I have always loved pinwheels. So of course, I just had to play when I saw the instructions. Two pinwheels are made using the dimensions of 2 1/2 inches for each square that Teodo gave. The other three pinwheel's squares are cut 3 inches. I was also pleased to be able to use a few buttons from my collection. This little wall quilt was easy and fun to make.
Pinwheels - 13"x16" -2007

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Tuesday, March 13, 2007

Pretty Postcards

Pretty, but not Monet's flowers.

These postcards are collages built with silk flowers, roving, angelina fibers, and silk threads that were shed from fabric edges. The foundation pieces are cut from an old nightgown with lace edging. The gown had been used to clean up paint from a T-shirt painting project by my friend, Alicia. What's the saying? "One person's cast-off is another's treasure" ... or something like that.

Last evening I used these fabric cards to demonstrate to our quilt guild members how I couch yarn. Five of us each gave five 15 minute demonstrations of techniques to small groups. The groups rotated so each member saw all the demonstrations. I suspect there will be a bit more couching going on now that they've seen how easy and effective it is. I made up an instruction sheet based on the posting I wrote last fall about couching yarn.

These six postcards will be donated to our guild for its small quilt sale at the Smoky Mountain Quilt Guild show in mid-May. Now to get my entries for that show finished up.

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Sunday, March 11, 2007

Monet's Flowers

When I was working on the Vincent's flower studies a friend asked if I had ever considered making flowers in Monet's style. At the time I hadn't. The primary reason I "played with Vincent" was to interpret the atmosphere around his flowers into fiber. The air in Van Gogh's paintings that I saw at the Art Institute seemed so vibrant and full of life.After three studies, "Vincent's Flowers" was the resulting piece.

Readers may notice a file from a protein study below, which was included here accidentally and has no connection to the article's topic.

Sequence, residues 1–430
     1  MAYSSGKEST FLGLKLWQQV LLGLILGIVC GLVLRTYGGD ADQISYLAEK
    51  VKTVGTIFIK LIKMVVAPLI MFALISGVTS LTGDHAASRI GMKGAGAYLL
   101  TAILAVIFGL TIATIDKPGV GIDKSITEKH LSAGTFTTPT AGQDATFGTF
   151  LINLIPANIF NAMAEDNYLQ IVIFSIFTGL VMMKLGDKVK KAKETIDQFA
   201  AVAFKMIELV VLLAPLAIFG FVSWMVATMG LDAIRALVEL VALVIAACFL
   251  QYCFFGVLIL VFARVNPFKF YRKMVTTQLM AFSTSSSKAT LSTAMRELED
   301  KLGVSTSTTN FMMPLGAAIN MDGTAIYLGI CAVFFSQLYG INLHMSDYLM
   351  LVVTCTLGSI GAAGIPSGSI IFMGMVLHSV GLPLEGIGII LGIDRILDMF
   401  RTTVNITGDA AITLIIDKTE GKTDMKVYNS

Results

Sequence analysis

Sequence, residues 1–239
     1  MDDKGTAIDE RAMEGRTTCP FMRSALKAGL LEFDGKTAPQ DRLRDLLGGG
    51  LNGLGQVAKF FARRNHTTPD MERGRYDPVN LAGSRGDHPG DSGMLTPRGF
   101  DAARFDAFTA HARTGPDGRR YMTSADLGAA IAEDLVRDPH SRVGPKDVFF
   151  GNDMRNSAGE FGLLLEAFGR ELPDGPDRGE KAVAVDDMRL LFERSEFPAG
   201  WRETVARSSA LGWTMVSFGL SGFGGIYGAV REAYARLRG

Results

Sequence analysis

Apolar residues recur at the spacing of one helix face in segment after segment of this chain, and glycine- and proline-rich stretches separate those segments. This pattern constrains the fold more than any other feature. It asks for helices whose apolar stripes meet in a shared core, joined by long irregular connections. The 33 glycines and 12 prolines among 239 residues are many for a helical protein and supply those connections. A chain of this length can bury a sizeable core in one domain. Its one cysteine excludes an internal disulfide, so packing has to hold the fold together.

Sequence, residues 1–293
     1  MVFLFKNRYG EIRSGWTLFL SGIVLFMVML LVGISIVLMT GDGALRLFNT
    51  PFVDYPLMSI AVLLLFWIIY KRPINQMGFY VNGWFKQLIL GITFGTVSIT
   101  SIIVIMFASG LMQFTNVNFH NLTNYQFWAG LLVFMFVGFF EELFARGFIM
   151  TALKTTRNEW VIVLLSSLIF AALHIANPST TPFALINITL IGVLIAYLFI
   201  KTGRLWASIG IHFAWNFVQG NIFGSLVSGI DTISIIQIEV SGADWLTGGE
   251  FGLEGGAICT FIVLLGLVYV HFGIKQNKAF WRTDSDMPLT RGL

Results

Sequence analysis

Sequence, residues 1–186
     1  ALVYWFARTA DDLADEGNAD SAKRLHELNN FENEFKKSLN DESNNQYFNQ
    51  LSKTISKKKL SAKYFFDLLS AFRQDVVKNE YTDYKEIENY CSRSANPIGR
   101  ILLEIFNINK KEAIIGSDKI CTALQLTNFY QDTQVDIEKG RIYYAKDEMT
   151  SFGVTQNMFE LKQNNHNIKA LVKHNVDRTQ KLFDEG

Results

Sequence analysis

During the next summer that suggestion niggled around in my brain until I gave in. My first attempt was definitely not Monet. It ended up as the fun and playful background in "May Day Tea Party".My next attempt was closer. The flowers were painterly, but the pure colors as well as the quality of light that the impressionists achieved was not there. This one is soft and lovely and it was finished as a present for a friend.
The third try surprised and delighted me when it ended up with the pure colors dominant plus the quality of light of a sunny day. To get this effect there are multiple layers of cut apart silk flowers, roving, and pulled apart batting in this piece ... so many I lost count.
The backing, as well as the foundation layer which is not at all visible, is fabric I had hand-painted. This was a warm-up ... a way to get myself into the spirit.
The piece is quilted with the word, "Monet", in script. The paper on which I had doodled the quilting pattern is pinned to the backing in the above photo. This study is still unfinished.

PS: Here is the "unfinished study" finally finished in 2009.

"Imagine Monet" 30"x 32"
To read about its construction process type the title into the search box in the Blogger bar at the top of my blog.